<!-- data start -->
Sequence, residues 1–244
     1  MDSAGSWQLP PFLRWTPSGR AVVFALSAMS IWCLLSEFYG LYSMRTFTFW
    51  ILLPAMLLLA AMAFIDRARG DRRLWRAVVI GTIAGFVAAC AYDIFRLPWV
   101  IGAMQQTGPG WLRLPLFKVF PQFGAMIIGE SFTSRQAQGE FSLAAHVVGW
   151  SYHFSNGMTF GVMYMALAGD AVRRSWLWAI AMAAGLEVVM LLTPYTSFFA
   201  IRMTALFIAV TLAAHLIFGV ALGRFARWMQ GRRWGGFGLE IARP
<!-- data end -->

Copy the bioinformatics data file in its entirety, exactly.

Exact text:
Sequence, residues 1–244
     1  MDSAGSWQLP PFLRWTPSGR AVVFALSAMS IWCLLSEFYG LYSMRTFTFW
    51  ILLPAMLLLA AMAFIDRARG DRRLWRAVVI GTIAGFVAAC AYDIFRLPWV
   101  IGAMQQTGPG WLRLPLFKVF PQFGAMIIGE SFTSRQAQGE FSLAAHVVGW
   151  SYHFSNGMTF GVMYMALAGD AVRRSWLWAI AMAAGLEVVM LLTPYTSFFA
   201  IRMTALFIAV TLAAHLIFGV ALGRFARWMQ GRRWGGFGLE IARP